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    Whatever the makers say they vary a lot. I bought a second set of a well-known make (better not say which). They gripped like you wouldn’t believe and felt wonderful but after 1000 miles they were nearly shot. I complained to my tyre dealer (I am a good customer with the miles I do) and they were replaced with another which lasted normally but was quite different to the special one. They of course said it was a goodwill gesture and did not comment on the worn ones compound, but it was made of some special racing rubber I reckon. I wish I could afford to use tyres like that all the time. Interesting isn’t it?


    What are the D607’s like in the wet?

    Mind you, based on the USA Anakee mileage reported, there is no certainty that your experience would be replicated over here.
     
  17. Jayz

    Jayz New Member

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    Wow. The Quota and the GS are similar in size/weight. I run 40psi in the rear. I've got admit though, I've got a real heavy throttle hand and downshift alot for stops. Maybe I should learn more conservative riding techniques.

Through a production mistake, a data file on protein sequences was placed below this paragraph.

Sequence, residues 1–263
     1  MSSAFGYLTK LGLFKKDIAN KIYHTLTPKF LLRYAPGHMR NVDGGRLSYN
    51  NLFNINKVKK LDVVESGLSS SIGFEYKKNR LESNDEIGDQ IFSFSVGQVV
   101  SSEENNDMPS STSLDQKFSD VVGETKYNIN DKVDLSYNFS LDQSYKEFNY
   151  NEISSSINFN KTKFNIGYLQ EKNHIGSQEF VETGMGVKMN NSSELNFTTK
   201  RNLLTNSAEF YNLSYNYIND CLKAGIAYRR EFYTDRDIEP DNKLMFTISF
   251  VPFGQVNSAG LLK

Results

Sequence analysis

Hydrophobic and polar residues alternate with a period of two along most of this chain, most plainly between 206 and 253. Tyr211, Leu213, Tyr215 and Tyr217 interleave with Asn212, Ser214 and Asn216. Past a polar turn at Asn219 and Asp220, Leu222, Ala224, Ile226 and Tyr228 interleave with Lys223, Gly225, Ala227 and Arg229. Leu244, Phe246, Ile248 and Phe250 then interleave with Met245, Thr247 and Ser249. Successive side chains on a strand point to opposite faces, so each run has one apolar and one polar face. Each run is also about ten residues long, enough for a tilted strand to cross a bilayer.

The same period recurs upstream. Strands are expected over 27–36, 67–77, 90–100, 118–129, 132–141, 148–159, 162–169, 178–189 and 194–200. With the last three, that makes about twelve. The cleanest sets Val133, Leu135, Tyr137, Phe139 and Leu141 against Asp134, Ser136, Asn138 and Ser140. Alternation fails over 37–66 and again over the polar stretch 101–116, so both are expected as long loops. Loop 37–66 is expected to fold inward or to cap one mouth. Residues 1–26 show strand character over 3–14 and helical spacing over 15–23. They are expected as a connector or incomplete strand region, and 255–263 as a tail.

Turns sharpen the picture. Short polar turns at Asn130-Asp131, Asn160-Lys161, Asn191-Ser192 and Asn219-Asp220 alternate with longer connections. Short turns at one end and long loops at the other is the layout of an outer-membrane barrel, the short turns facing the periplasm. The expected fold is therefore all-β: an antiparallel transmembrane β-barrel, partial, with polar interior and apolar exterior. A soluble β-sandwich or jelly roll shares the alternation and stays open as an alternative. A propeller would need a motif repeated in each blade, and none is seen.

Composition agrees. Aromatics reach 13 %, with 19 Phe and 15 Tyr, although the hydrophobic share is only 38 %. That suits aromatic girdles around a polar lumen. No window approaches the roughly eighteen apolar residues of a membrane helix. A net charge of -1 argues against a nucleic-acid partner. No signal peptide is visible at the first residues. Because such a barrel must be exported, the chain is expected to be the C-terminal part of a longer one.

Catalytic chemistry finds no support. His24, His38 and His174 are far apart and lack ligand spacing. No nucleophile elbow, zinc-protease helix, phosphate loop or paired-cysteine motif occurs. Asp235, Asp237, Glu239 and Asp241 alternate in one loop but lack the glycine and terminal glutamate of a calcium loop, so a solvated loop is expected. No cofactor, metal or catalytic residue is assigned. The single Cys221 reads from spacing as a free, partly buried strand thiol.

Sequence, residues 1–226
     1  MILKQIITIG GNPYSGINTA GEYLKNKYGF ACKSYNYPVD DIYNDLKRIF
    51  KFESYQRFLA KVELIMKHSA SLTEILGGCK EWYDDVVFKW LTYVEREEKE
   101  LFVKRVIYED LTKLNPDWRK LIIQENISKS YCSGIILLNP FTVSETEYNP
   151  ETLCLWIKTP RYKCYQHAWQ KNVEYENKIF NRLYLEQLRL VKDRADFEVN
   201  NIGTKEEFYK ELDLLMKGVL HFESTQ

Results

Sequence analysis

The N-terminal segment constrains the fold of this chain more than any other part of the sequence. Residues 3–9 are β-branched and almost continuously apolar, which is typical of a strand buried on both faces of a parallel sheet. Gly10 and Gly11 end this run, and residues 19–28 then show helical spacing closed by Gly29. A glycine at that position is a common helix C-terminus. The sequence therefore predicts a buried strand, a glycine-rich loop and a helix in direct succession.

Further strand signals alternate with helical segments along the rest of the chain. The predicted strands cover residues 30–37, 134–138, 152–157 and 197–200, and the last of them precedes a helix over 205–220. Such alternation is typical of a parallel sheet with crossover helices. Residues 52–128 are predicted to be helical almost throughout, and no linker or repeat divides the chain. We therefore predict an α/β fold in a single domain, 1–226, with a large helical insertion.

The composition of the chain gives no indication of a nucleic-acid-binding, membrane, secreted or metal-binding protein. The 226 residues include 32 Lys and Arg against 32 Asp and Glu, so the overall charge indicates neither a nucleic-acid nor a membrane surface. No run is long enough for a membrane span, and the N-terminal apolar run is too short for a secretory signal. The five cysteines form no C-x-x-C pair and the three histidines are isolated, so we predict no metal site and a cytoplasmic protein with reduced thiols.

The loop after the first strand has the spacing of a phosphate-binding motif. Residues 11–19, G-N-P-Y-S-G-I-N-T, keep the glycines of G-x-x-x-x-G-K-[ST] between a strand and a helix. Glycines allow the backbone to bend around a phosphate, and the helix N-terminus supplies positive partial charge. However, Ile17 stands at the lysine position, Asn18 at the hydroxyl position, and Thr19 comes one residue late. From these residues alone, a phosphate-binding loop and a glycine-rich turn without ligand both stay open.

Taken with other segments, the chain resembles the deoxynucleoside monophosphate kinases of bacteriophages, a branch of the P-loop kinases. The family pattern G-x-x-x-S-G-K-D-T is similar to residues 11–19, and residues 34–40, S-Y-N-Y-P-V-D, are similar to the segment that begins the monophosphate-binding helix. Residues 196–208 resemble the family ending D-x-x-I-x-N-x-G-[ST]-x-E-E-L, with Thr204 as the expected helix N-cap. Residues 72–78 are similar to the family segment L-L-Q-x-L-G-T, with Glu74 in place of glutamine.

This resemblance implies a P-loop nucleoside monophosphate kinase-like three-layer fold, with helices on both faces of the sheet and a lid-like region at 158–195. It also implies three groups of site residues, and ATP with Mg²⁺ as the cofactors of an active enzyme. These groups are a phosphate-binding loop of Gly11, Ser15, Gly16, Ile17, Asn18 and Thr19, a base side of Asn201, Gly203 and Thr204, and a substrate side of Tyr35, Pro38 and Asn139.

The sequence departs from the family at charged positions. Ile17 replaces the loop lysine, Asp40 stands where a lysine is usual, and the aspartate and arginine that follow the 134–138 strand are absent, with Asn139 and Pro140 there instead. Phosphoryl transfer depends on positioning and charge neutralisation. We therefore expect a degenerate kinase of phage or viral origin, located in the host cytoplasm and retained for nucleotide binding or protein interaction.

O'Jay
     
  18. Jayz

    Jayz New Member

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    The 607's work well in the wet for me. I can still hold a good lean angle, within reason, in everything but a deluge. They also have a high degree of predictability when wet, letting you know when things are getting dicey. The grip in dry is great. What part of the UK are you in Ted. I used to live in Banbury.
     
  19. George

    George New Member

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  20. TedS

    TedS New Member

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    Now that IS loaded!